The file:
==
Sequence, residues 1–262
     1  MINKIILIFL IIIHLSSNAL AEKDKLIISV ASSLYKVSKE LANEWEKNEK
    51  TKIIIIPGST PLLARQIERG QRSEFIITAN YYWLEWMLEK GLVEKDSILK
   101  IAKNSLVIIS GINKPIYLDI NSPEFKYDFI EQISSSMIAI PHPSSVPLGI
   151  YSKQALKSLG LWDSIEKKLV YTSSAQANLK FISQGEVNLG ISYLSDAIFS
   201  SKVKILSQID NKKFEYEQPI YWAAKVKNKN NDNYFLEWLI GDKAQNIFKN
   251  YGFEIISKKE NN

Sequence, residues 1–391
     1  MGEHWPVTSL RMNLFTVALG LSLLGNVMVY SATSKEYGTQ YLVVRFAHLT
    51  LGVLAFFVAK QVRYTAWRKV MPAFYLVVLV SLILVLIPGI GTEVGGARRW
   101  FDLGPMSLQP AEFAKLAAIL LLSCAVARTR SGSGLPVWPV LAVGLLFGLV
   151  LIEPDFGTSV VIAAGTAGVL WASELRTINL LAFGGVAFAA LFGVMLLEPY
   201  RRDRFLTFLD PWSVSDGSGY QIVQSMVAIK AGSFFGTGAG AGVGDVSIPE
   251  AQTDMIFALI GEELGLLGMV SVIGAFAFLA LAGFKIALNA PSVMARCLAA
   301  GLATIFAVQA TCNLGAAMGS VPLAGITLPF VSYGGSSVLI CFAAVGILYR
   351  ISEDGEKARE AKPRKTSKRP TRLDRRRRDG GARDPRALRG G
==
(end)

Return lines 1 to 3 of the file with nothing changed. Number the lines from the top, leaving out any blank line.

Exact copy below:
Sequence, residues 1–262
     1  MINKIILIFL IIIHLSSNAL AEKDKLIISV ASSLYKVSKE LANEWEKNEK
    51  TKIIIIPGST PLLARQIERG QRSEFIITAN YYWLEWMLEK GLVEKDSILK